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Will Obama Have a Legacy?
In "The Book of Obama" I argue that Obama is America's Mikhael Gorbachev. Like Gorby, The One (Oprah's phrase) is the most progressive, decent and intelligent leader his system is willing and able to allow to rise to power; like the reformist of perestroika, Obama's fundamental not-so-badness—coupled with his…ineffectiveness? cluelessness? conservatism? exposes the fact that the system is the problem. That voting for a better/less evil leader can't bring about the changes we need, because what the 99% view as problems—unemployment, underemployment, the growing gap between rich and poor—are things that the system views as not merely desirable, but necessary. Its raison d'être.
Among progressives it's a given that Obama has been a disappointment. At my signings people keep asking me: Why? Why hasn't the president lived up to the hopes and dreams we invested in him? Sure, the Republicans have blocked him at every turn. But he doesn't seem to try.
Why not? Is he a wimp? Or were liberals wrong about him—was Obama an establishment conservative from the start?
I don't know what's in Obama's heart. Frankly, I don't care. It's all about policies: either you're for good policies, or you're not. If you are, you fight for them with everything you've got. If not…
Like most pundits, I tend to focus on the negative. So this week let's look at Obama's signature accomplishments, the things he actually did get done: healthcare reform, his statement support for gay marriage, and last week's Dream Act Lite, his order that Department of Homeland Security stop pursuing the approximately 800,000 young people who were brought to the US illegally.
It took three years for this President to do something that brought a smile to my face. So I owe him this: Nicely done, Mr. President. (Sure, it's just a political ploy, a play for the Hispanic vote. But other things Obama should do, but won't—unlimited unemployment benefits, assistance for foreclosure victims, a new WPA—would be popular too. Pandering to the people is called democracy.)
Millions of people—the lucky 800,000, their families and friends—finally have their foot in the door. Early signals from GOP bosses indicate reluctance, even if they win this fall, to revert to the bad old days of rounding up kids and deporting them to "homes" they don't know, whose languages they don't speak.
Yet, like so many of his more positive acts, it came later than it should. And it should have been built to last.
The Dream Act failed in December 2010, just after the Republican sweep in the Congressional midterms. It would have passed if not for the craven, bigoted "nay" votes of five Democratic senators spooked by the election results.
I keep thinking back to 2009. Democrats had both houses of Congress. A filibuster-proof majority in the Senate. Obama enjoyed a worshipful media. Sky-high public opinion polls. Why didn't the president propose the Dream Act then, when it would probably have passed, sparing 800,000 kids terrible uncertainty—not to mention those who got swept up during the last three years? (While we're at it: what's the point of letting kids stay in the U.S. and deporting their parents?)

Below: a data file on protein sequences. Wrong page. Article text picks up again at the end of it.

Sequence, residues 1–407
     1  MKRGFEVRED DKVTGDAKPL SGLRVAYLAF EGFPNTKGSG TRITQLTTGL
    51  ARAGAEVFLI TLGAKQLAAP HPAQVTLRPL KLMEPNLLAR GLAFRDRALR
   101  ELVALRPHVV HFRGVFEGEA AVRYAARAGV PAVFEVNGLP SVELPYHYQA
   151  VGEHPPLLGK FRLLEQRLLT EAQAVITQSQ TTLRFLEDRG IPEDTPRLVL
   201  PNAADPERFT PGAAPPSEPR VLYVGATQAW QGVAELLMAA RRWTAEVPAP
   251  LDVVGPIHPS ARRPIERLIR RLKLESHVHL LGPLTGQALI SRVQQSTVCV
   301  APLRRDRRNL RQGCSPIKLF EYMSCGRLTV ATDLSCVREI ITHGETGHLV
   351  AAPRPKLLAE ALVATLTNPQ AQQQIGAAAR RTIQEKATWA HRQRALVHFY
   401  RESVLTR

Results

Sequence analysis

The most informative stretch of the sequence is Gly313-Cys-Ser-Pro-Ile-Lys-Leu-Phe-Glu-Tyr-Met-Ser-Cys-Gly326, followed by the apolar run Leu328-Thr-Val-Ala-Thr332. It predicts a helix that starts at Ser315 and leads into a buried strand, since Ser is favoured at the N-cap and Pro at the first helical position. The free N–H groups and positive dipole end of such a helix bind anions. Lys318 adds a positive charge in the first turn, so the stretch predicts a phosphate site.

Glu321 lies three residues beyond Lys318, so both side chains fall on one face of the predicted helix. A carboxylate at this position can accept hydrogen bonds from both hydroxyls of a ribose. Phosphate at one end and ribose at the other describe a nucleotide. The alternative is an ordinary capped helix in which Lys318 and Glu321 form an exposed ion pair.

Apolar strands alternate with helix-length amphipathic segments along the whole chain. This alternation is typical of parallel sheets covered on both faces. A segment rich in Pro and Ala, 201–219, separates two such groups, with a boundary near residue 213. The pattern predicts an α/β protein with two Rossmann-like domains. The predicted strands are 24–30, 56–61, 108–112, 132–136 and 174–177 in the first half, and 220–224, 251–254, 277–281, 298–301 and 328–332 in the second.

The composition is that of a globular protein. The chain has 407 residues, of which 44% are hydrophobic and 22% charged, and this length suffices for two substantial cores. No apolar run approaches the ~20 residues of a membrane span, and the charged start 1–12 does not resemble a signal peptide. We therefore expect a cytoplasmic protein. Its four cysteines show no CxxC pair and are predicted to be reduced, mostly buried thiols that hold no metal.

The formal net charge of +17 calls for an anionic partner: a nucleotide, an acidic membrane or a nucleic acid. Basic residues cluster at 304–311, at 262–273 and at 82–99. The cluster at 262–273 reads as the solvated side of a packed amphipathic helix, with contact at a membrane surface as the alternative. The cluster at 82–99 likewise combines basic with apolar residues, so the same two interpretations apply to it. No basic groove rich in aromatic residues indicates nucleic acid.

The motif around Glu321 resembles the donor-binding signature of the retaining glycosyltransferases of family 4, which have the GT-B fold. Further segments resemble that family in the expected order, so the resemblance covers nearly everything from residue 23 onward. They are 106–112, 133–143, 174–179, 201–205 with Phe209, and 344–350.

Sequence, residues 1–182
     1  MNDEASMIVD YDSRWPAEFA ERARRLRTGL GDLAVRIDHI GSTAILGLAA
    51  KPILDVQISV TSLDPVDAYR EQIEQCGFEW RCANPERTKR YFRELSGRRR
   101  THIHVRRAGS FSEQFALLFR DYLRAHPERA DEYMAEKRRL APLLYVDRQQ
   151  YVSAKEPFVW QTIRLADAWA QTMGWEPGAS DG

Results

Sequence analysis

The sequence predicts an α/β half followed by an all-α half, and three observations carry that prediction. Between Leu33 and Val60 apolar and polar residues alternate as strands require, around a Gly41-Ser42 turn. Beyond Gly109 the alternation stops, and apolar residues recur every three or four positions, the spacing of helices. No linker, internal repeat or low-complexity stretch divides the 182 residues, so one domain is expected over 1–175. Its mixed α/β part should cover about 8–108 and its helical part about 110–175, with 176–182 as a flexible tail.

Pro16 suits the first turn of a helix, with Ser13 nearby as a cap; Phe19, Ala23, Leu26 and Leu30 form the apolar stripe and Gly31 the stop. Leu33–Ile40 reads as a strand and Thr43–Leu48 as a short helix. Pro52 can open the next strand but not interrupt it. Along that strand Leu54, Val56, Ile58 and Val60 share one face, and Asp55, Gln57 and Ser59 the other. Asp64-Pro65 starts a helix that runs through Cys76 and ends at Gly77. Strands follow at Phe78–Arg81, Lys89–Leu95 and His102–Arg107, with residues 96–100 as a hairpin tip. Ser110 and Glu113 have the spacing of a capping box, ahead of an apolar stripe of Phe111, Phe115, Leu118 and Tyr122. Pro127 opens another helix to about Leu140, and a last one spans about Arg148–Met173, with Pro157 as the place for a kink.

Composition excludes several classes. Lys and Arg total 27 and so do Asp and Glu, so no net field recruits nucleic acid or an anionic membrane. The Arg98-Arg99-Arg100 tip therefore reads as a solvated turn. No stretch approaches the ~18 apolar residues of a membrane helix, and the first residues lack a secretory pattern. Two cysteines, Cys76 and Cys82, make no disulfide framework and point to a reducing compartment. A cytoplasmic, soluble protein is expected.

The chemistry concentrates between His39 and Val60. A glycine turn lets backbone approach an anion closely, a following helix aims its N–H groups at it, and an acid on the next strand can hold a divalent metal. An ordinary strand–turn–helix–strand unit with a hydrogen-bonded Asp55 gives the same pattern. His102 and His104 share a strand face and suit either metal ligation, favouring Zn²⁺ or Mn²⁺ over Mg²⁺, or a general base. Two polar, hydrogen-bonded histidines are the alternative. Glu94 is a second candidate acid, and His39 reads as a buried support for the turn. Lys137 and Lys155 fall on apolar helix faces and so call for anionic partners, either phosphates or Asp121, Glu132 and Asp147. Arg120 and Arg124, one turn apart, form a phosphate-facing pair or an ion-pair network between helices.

Back in 2009, was Team Obama guilty of political ineptitude? Obsessive focus on healthcare? We don't know. The result of their neglect of young immigrants amounted to political malpractice at least, bigotry at worst. (There were, after all, more deportations of undocumented immigrants under Obama than under Bush.)
Worse than too little and/or too late, Obama's announcement in support of gay marriage came so late that it might as well not have happened at all; by the time he spoke out, gay marriage had become a historical inevitability. Talk about political malpractice! What is more ineffectual than irrelevance? Like the Homeland Security directive on immigration, it came as big, good news to millions of people. But it could have been handled earlier, proactively, and—not incidentally—paying bigger dividends to the president's reelection effort.
Less clear but with broader implications was healthcare reform. "Have you had enough of Obamacare?" Tim Pawlenty asked a crowd at a pro-Mitt Romney rally. "Yes!" they shouted. But there is no Obamacare. Not yet. Even if the Supreme Court doesn't overturn the Administration's biggest achievement, it doesn't go into effect until 2014. After, perhaps, President Romney takes office. What was Obama thinking? If nothing else, wasn't he worried about his historical legacy?
My guess is that he cares less about his legacy, or changing things, than the political horse race. He likes winning as an individual more than he cares about changing the world.
Obama has a few chances left to prove me wrong. He could still close Gitmo by executive order. He could also propose a federal law codifying a women's right to an abortion, forcing the GOP to counter the 77 percent of Americans who told the most recent Gallup poll that they're pro-choice. It would be a bold move, one that would resolve the decades-long legal limbo that has left abortion rights in the hands of the Supreme Court. Is Obama incapable of bravery? Of vision? Or is he using the threat of a Romney SCOTUS to threaten women into voting for him?
No one knows.
All we can do is consider the president's actions.